NEW YORK (Reuters) - A former Ecuadorean judge testified on Wednesday that he ghost-wrote rulings for another judge who ordered Chevron Corp (CVX.N) to pay $19 billion to villagers whose land had been polluted by oil exploration.
The former judge was testifying at a trial in New York in which Chevron accuses U.S. lawyer Steven Donziger of bribing the Ecuadorean judges in order to win the award for the villagers.
Donziger has denied bribing the officials.
On the witness stand on Wednesday, the former judge, Alberto Guerra, said he met in 2009 with Donziger and other representatives of the villagers at Honey & Honey, a restaurant in Quito.
Guerra said another lawyer representing the villagers had already agreed to pay him $1,000 a month to ghost-write court orders for the presiding judge, Nicolas Zambrano. Zambrano, who was also being paid, agreed to expedite the case and limit procedural avenues by which Chevron could delay it, Guerra said.
Donziger was fully aware of the arrangement, Guerra said.
“Mr. Donziger thanked me for the work that I was going to do,” Guerra said of the restaurant meeting.
Randy Mastro, a lawyer for Chevron, asked Guerra if he understood he was violating Ecuadorean law by agreeing to ghost-write Zambrano’s orders.
“It hurts me to say so, but yes,” Guerra, wearing a gray suit, said calmly through an interpreter.
Guerra is a key witness in a trial in which Chevron is seeking to discredit the $19 billion award.
Chevron wants U.S. District Judge Lewis Kaplan, who is presiding over the trial without a jury, to prevent Donziger and villagers he represents from collecting the award in U.S. courts or from profiting from it in any way.
The award stemmed from environmental contamination between 1964 and 1992 at an oil field in northeastern Ecuador operated by Texaco, which Chevron bought in 2001. Chevron says Texaco cleaned up its share of waste before turning the field over to state-owned Petroecuador.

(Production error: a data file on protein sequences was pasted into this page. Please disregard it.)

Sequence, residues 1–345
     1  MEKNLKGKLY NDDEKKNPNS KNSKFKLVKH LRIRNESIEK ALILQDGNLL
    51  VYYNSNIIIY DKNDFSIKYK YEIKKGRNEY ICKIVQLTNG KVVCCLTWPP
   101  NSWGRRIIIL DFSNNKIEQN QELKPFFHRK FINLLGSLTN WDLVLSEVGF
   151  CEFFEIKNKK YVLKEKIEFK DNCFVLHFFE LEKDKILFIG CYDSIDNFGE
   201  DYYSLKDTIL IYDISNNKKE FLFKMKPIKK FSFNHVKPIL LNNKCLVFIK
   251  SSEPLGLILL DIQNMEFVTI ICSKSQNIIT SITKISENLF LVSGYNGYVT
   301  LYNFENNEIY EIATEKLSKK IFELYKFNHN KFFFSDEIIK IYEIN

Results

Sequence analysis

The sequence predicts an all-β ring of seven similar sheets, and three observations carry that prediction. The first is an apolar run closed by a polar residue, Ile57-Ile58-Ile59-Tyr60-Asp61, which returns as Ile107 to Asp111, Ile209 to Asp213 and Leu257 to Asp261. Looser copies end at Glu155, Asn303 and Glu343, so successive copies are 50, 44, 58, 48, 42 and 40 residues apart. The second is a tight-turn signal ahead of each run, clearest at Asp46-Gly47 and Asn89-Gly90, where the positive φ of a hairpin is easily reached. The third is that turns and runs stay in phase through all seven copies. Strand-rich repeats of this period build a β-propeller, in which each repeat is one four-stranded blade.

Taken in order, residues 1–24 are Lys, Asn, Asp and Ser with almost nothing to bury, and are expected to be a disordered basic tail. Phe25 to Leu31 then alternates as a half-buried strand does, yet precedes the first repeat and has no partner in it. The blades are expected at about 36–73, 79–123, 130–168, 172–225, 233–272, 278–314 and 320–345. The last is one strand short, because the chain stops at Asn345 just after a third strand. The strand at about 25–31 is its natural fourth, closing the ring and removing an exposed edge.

But in 2011, Zambrano awarded $18 billion to people from the village of Lago Agrio, which was affected by the pollution. The court subsequently increased the award to $19 billion to cover fees.
Mastro asked Guerra to identify Donziger in the courtroom.
Guerra said Donziger was the person who had just smiled, before describing the dark suit Donziger was wearing. “He knows me. He has seen me. We’ve been together.”
Guerra, who had presided over the Ecuadorean case before Zambrano, also testified that he and Zambrano initially offered a similar proposal to Chevron, which they thought would be more lucrative.
“Judge Zambrano and I obviously believed that Chevron was in quite a better financial situation than the plaintiffs,” Guerra told Mastro.
A lawyer for Chevron said he would relay the offer, which was rebuffed weeks later in a telephone call, Guerra said. The lawyer said that “under no circumstances would Chevron agree to any sort of agreement,” Guerra said.
Zambrano, Guerra said, was “discouraged, dispirited,” before soliciting Donziger’s team.
Reporting by Bernard Vaughan; Editing by Marguerita Choy